Soon the sun began to set on the horizon for each of them. The first sunset came early, at 11:59 AM on Thursday, 12 June 1997, when Frances Mae Harmon Brown, at the young age of 59 years, bid farewell to the family that she dearly loved for a season. Almost two years later, on Tuesday, 16 March 1999, a new generation was begun, as her daughter Sharon and son-in-law Rossie welcomed their newborn son, Rossie Alfonze Bratten IV, into the world. Though his grandmother Frances could not be there to physically hold him and tell him how much she loved him, I believe that she was smiling down from above on that day and rejoicing at the birth of her first grandchild.
The sun set once again on Monday 20 November 2006, as it became time for John Wallace Brown at the age of 71 years to also bid farewell to his loving family for a season. Though he had remarried on Friday, 9 July 2004, 7 years after his beloved wife’s passing, it was clearly evident, especially in his final days that his heart longed to be with his first love.
Mormon Weddings: About Eternal Love & Relationships
On Wednesday, 7 April 2010 (the 35th birthday of their youngest daughter), in Logan Utah, this author, the youngest of their two sons, accompanied by two dear friends, was blessed to perform saving ordinances for the parents whom he loves, John Wallace Brown and Frances Mae Harmon, in the Logan Utah Mormon Temple.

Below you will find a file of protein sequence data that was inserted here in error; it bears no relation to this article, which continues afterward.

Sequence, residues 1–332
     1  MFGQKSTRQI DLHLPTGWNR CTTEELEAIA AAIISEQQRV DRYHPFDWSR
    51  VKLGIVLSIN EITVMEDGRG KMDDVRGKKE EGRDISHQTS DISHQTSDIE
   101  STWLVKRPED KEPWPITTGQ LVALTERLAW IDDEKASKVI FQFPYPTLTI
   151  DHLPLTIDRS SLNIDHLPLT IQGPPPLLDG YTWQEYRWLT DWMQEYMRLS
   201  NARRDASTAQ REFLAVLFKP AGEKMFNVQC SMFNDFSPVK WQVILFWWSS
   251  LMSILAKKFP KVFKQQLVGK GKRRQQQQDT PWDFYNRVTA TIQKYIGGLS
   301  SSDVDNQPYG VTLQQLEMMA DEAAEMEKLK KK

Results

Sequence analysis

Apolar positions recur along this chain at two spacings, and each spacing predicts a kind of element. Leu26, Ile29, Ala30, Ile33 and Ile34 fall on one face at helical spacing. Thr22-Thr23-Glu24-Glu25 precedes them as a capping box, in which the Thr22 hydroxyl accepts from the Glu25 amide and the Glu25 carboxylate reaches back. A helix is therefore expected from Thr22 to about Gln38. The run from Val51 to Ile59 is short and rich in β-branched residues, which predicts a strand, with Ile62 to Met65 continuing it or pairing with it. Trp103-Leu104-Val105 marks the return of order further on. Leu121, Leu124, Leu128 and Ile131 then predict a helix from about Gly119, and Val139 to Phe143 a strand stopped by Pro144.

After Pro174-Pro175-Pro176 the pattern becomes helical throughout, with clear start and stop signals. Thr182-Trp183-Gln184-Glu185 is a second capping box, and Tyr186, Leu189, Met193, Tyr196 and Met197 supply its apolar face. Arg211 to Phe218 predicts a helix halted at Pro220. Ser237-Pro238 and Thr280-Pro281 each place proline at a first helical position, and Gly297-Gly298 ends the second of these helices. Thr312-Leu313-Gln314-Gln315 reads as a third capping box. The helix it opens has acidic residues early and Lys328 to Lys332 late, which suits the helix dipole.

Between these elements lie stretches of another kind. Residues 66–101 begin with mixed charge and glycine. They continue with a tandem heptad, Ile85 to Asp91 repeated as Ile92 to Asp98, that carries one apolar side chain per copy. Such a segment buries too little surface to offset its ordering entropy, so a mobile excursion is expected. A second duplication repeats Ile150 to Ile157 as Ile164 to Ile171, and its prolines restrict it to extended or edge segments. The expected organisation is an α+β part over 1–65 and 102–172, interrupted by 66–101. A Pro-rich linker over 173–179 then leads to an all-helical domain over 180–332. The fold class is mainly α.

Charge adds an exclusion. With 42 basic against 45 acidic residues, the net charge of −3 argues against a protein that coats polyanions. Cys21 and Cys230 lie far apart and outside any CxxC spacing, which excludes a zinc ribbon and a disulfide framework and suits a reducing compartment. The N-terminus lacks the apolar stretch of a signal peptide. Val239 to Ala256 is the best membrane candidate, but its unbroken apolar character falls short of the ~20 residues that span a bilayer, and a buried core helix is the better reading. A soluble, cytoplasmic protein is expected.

We, as members of The Church of Jesus Christ (“Mormons”) are taught that the primary purpose of the holy temple or House of God is to provide the ordinances or ceremonies necessary for our exaltation in the celestial kingdom. Exaltation is the highest degree of light and glory we can receive after this life; it includes life in the beautiful presence of the Savior, the Father and our redeemed loved ones. Temple ordinances, then, guide us to our Savior and give us the blessings that come to us through the Atonement of Jesus Christ.
The Doctrine and Covenants, a modern book of scripture in which Mormons believe and share with the world, teaches us the following about Mormon Weddings or Mormon Sealings in the Lord’s sanctuaries. These rites are performed as outlined by Jesus Christ Himself who restored His true teachings about relationships to the earth in our day. They affirm that families and marriages can be forever and not just until “death do us part.”
And verily, verily, I say unto you, that whatsoever you seal on earth shall be sealed in heaven; and whatsoever you bind on earth, in my name and by my word, saith the Lord, it shall be eternally bound in the heavens; and whosesoever sins you remit on earth shall be remitted eternally in the heavens; and whosesoever sins you retain on earth shall be retained in heaven. (D&C 132:46).
One of the important ordinances that are performed in the Holy Temple is the sealing for eternity in celestial marriage. That is what a Mormon Wedding is all about. This covenant allows children to be sealed to their parents and children born in the covenant to become part of an eternal family. On Thursday, 8 April 2010, again with the help of my dear friends, my mother and father were sealed for all time and eternity and I was in turn sealed to them. As I knelt at the altar in the Logan Utah Temple on that very special day, I could sense my parents’ presence and feel of their love. No longer would they be separated because of physical death, but now they are together again for all eternity – two hearts beating as one.
See Keith’s Mormon.org profile.